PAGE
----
A recap of recent gains, losses and ongoing battles over LGBTI rights in seven Caribbean nations (Guyana, Jamaica, Trinidad, Belize, Barbados, Bermuda and the Cayman Islands), with help from coverage in the Caribbean IRN Blog of the International Resource Network:
Areas With Anti-Gay Laws
U.N. action: During Guyana’s recent Universal Periodic Review before the United Nations (UN) Human Rights Council, several nations urged Guyana to repeal its law against male-male intimacy. Foreign Affairs Minister Carolyn Rodrigues-Birkett noted that such recommendations have been turned over to a Parliamentary Special Committee (PSSC). However, that committee is no longer active.
Rodrigues-Birkett said the government hopes that parliament will grapple with the issue after elections on May 11. For more information, see coverage in the Guyana Times and Capitol News.
The government of Guyana even claims it knows of no cases of discrimination against LGBTI people, though such cases are reported by the local Society Against Sexual Orientation Discrimination (SASOD).
Community center for LGBT people: That organization won a $10,000 Red Ribbon Award during last summer’s International AIDS Conference for innovative community work in response to the HIV epidemic. It said last month that it will use the money to buy land for a planned $100,000 community center that will provide services to the LGBT community and will house its headquarters and a shelter for homeless LGBT youths.
Advice for Christians: A commentary in Barbados Today by the Rev. Davidson Bowen, an Anglican priest, urges Christians to extend love to homosexuals:
“What I will say to the church is that our job is not to judge; our job is to love. It is not love some and not love all or to love those and not the others. As long as we love, we’ve covered our bases.”
Bowen came down on both sides of an issue that divides Christians in their attitudes toward homosexuality: whether people are born gay or decide to become gay.
Honors from the queen: Also in Barbados, Donnya Piggott, head of Barbados Gays and Lesbians Against Discrimination, received the Queen Elizabeth II’s inaugural Young Leaders Award, as previously reported in the Erasing 76 Crimes article “Queen honors LGBTI leader seeking change in Barbados.”
The citation reads:
“Donnya had to overcome prejudice and personal challenges when she decided to set up an advocacy group for sexual minorities. Barbados – Gays and Lesbians and All-sexuals Against Discrimination (B-Glad) is a lone lesbian, gay, bi-sexual and transgender (LGBT) human rights organisation on the island. Donnya has engaged with the Prime Minister about issues facing the LGBT community and hopes to continue supporting marginalised young people in her country.”
Awaiting court action: Activist Caleb Orozco discusses his 17-month wait for a decision in the lawsuit he brought against the government over the anti-gay law in Belize. Without a decision, he states, “I have the burden of responsibility to look over my back every time I go from point A to point B because the state does not recognise my dignity or my quality of life. … That to me is a lot of burden for just one person.”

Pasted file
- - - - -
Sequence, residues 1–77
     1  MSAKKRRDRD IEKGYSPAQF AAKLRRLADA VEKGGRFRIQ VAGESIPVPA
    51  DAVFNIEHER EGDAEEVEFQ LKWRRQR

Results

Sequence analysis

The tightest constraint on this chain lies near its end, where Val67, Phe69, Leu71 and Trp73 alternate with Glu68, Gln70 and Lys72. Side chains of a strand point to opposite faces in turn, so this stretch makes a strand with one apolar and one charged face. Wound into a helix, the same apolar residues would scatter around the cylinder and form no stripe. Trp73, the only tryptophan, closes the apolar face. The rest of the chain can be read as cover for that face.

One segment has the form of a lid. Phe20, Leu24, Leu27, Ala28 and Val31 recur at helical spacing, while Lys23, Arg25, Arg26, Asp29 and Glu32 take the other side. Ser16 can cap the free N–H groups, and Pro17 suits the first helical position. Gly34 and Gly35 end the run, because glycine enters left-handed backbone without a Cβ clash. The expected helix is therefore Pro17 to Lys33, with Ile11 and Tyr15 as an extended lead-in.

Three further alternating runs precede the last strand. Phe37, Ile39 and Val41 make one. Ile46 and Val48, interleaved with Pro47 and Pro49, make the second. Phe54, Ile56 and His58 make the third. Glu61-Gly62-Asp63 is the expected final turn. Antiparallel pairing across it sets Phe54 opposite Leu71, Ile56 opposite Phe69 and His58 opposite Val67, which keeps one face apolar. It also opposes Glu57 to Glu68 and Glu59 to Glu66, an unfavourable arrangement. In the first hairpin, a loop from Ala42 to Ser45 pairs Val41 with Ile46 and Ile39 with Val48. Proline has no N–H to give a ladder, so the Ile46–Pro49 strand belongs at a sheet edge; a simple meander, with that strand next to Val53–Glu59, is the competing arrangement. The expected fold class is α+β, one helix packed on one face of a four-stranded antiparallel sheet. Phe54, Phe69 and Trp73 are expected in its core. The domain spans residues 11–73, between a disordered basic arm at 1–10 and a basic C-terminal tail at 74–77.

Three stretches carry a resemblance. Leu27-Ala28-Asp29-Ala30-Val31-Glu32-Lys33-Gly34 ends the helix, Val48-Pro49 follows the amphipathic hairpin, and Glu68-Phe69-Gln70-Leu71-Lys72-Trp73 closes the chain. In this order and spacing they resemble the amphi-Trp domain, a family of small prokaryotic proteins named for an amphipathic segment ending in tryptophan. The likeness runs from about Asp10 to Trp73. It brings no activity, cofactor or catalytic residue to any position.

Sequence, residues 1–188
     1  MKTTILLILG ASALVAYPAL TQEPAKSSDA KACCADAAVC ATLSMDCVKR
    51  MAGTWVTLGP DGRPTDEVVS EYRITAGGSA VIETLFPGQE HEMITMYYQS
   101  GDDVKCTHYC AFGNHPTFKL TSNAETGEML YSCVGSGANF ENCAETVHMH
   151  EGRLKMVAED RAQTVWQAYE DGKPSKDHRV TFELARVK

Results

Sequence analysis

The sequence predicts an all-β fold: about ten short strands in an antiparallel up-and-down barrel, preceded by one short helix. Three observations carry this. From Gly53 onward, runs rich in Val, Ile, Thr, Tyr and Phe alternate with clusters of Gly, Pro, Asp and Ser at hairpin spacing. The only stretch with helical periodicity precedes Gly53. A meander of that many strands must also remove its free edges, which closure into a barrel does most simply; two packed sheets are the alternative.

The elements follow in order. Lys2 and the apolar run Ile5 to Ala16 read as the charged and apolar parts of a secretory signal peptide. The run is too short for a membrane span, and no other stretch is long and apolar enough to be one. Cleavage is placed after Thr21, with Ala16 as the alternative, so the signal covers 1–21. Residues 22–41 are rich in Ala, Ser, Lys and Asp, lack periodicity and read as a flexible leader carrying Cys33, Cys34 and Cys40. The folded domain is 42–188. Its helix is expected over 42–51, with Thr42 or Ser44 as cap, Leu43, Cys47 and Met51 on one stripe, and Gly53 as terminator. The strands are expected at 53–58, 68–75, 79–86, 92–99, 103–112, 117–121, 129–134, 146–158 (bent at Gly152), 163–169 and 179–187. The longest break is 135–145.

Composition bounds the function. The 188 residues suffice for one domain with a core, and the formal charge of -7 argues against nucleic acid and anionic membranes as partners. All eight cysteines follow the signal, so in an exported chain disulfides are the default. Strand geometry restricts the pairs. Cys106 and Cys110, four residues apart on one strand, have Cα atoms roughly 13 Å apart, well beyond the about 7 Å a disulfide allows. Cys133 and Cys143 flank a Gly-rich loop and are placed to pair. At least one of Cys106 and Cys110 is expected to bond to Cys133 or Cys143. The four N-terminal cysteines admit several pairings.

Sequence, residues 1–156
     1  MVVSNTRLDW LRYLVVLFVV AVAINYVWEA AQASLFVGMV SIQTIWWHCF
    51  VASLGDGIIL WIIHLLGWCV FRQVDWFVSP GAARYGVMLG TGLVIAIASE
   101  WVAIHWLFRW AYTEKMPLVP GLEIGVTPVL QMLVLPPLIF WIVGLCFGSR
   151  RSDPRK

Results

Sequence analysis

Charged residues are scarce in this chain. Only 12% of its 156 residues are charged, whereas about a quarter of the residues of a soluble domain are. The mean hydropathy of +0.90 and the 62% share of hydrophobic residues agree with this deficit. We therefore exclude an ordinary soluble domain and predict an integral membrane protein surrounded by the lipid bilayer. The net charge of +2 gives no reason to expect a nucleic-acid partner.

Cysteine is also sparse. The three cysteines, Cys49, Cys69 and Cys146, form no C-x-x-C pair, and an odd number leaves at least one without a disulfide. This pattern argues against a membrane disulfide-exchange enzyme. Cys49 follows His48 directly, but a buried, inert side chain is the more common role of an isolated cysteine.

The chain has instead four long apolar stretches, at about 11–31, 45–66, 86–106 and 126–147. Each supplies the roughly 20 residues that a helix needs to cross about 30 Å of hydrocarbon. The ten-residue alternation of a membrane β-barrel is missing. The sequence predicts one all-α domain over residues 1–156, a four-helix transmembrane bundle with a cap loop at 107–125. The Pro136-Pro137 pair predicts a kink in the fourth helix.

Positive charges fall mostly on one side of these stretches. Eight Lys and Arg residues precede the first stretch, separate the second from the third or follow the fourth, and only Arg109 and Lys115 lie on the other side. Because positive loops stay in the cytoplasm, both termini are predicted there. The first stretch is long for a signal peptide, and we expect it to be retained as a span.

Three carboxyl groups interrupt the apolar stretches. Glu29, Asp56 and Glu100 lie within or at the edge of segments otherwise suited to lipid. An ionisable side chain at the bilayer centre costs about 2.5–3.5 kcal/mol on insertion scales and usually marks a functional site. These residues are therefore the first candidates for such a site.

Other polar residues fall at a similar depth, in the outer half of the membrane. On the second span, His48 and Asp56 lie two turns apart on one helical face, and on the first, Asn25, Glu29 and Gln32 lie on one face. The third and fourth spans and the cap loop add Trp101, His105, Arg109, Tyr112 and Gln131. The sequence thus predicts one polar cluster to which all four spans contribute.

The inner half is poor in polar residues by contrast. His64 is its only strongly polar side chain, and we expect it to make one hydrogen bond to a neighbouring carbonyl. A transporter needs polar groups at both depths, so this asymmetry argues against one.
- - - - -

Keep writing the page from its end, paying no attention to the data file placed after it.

Struggles and triumphs in art: Also in Belize, an art exhibit by Briheda Haylock focuses on the lives of local LGBT people. Channel 5 Belize reported that “Haylock used photographs to capture the story of the struggles of members of the L.G.B.T. community and also the triumphs of their acceptance.”
Jamaica, Guyana, Trinidad and more
Fundamentalists seeking funds: The Caribbean’s homophobia is enhanced by conservative religious organizations that see the region as “not just a fresh opportunity to influence the debate over homosexuality, but also a source of fundraising and followers,” according to the IPPF blog post “Opposition to LGBTQ Liberation in the Caribbean.”
Anti-gay vs. anti-HIV: The article “Homophobia and HIV: A Response to and Lessons From, The Jamaican Linked Epidemics” by activist lawyer Maurice Tomlinson discusses the relationship between HIV and anti-gay pastors and academics, as well as efforts to overcome homophobia. The article is in the latest issue of the Journal of the Student National Medical Association
Areas Without Anti-Gay Laws
European influence: The Cayman Islands and other British overseas territories may be required to accept same-sex unions in compliance with the United Kingdom’s membership in the European Union, reports Cayman Compass:
The Cayman Islands may soon be required to legally recognize civil partnerships between same-sex couples, according to a senior international human rights professor.
European courts are unlikely to require member states to sanction gay marriage, according to the expert, but they could mandate legal recognition of same-sex unions, affording gay couples many of the same rights as heterosexual married couples. …
[Robert Wintemute of King’s College, London] acknowledged that if the Cayman Islands lacked the political will to introduce the reforms proactively, it may require individuals to contest them in the courts on a case by case basis.
“It is difficult, if no one brings a case to the court, so there is no pressure from the courts and the political parties don’t see it as a priority, so nothing happens in the legislature.”
Another option, he said, was for the U.K. to introduce an Overseas Territories order updating the legislation – as it did in 2000 to decriminalize homosexual activity in its territories, including the Cayman Islands.
But he said it was preferable from a political and social point of view for the country to have the public debate that accompanied the reforms as that would help engender a more enlightened attitude.
Same-sex adoptions: Unmarried same-sex couples can apply to jointly adopt children, according to a recent judgment in the Bermuda Supreme Court.
by Colin Stewart
Source – Erasing 76 Crimes